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Angiotensin II type 1 receptor autoantibodies in POTS (2018) Yu et al

Discussion in 'Health News and Research unrelated to ME/CFS' started by Snowdrop, Apr 28, 2018.

  1. Snowdrop

    Snowdrop Senior Member (Voting Rights)

    This is related to ME but I didn't see where else this might belong. So it's here:


    I would like to have some thoughts on this research if anyone is able.
    @Jonathan Edwards perhaps?

    POTS is such a huge co-morbid issue for many of us.

    Though I suppose there is a line of thinking that if a treatment comes available for ME and people get well does that mean it is treating POTS? Then I get confused.
    Barry, Inara, Rosie and 3 others like this.
  2. Melanie

    Melanie Senior Member (Voting Rights)

    I don't think so. I don't have POTS but low BP and need Fludrocortisone. I also fainted on a Tilt Table test years ago. Due to using Minocycline in the past, I now have dizziness and unsteadiness although from time to time would experience these anyway.

    I think so much goes wrong with ME (or CFS or SEID) that the main issue impacting all of us meeting the different criteria, I believe, is the metabolic issues Dr. Davis has found. But then there are the co-morbid issues which are many and are seperate diseases in of themselves and they would have to be addressed separately. POTS will have to be managed separately.

    For me, now that the LBP issue is "set-in", I think I will always need to be on Fludrocortisone to help manage it.

    Then, the neurological issues would need to be addressed separately. I don't think the treatment of the Metabolic part of the disease will resolve this as I think for the most part the damage is done.
  3. Snowdrop

    Snowdrop Senior Member (Voting Rights)

    Binkie4, Melanie and alktipping like this.
  4. Jonathan Edwards

    Jonathan Edwards Senior Member (Voting Rights)

    I have a specific worry with this study. It seems they have found antibodies to angiotensin receptors in most POTS cases. But they have also in the past found antibodies to adrenergic receptors in most patients. They state, as must be true that some patients have both - apparently quite a lot of them.

    Contrast this with an established autoimmune disease, scleroderma. In scleroderma all patients have antinuclear antibodies to one or other of three antigens: topoisomerase-1, centromere or RNA polymerase. The key piece of evidence suggesting that the autoimmunity is causing the symptoms is that none of the patients have antibodies to more than one antigen. That makes sense because scleroderma is rare and to have antibodies to two antigens would effectively mean the person would have two causes of scleroderma - two doses of the same rare disease.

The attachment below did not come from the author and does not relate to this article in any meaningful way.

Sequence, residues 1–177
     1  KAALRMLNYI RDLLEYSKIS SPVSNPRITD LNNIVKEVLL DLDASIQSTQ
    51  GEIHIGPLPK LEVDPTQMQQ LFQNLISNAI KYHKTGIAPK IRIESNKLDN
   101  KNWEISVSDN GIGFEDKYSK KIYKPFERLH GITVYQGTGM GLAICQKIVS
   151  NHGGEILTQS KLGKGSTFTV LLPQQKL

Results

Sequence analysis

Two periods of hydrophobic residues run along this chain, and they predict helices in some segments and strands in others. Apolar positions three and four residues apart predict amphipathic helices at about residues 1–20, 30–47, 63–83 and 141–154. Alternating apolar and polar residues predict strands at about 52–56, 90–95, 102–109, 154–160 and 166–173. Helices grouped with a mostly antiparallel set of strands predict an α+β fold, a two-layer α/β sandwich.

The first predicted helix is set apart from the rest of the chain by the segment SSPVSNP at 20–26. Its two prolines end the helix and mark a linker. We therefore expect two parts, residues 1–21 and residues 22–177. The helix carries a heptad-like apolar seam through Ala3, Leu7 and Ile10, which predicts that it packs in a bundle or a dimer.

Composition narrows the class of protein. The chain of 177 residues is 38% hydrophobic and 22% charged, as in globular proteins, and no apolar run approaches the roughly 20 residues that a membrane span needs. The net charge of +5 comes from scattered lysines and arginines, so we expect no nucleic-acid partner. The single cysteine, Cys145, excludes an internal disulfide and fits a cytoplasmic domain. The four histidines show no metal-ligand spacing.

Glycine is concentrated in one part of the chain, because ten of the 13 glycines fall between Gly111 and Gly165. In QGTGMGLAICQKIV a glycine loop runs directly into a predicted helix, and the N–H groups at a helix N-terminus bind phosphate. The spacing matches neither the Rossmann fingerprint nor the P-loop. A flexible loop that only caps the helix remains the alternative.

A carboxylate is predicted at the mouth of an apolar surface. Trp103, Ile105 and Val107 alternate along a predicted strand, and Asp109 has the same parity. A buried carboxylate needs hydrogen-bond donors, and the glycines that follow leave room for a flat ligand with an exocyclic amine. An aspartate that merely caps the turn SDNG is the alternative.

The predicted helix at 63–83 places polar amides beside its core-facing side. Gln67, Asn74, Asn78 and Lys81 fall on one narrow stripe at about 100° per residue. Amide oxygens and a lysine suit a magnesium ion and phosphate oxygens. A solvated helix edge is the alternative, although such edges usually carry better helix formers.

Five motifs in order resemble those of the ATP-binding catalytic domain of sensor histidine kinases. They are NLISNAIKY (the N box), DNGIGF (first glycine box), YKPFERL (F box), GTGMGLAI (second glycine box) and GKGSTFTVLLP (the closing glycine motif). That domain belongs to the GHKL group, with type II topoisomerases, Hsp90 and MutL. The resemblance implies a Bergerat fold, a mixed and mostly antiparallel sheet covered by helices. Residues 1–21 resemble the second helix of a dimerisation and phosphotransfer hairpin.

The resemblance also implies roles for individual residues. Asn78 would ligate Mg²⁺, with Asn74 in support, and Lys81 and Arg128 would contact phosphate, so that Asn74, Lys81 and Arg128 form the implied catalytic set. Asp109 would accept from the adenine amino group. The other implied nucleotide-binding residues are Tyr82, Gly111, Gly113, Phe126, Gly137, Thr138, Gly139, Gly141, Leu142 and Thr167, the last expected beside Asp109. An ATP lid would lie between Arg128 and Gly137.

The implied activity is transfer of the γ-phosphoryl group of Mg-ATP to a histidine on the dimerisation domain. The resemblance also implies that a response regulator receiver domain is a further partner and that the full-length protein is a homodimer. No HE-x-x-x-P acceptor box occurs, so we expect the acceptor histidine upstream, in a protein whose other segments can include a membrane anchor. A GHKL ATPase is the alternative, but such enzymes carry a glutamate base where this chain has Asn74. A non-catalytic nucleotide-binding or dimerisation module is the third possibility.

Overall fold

In general we do not see people with autoimmune disease having two types of autoantibody that are xpected to do the same thing. There are associations with unrelated antibodies like thyroid antibodies but that is different.

    Put in ordinary terms when a car does not start you expect either the battery is flat or you have run out of petrol. A call-out mechanic does not expect to find both are the case in most cases.

    So the presence of two different antibodies often together, actually makes it less likely that either are actually causing the problem. If the authors understand this sort of background to autoimmunity (which is partly common sense) they should explain in their discussion why they have this odd result.

    Unfortunately most reports of autoantibodies like this turn out not to be repeatable. The overlap makes me think that more than likely here.
  5. Gingergrrl

    Gingergrrl Senior Member (Voting Rights)

    Can you explain this further b/c in Hashimoto's Disease (at least in my case), I have both autoantibodies, TPO and TGAb. There are other autoimmune diseases like LEMS in which a person could have both the P/Q type and the N type Calcium Channel autoantibodies. Would these be exceptions to that rule or do these autoantibodies each do different things vs. the same thing?

    Because if they did different things, it might be the same in Autoimmune POTS, meaning that the beta-adrenergic and the angiotensin receptor autoantibodies are doing something different (so some people might be positive for one and others might be positive for both)?
    Hutan, Inara, Lisa108 and 1 other person like this.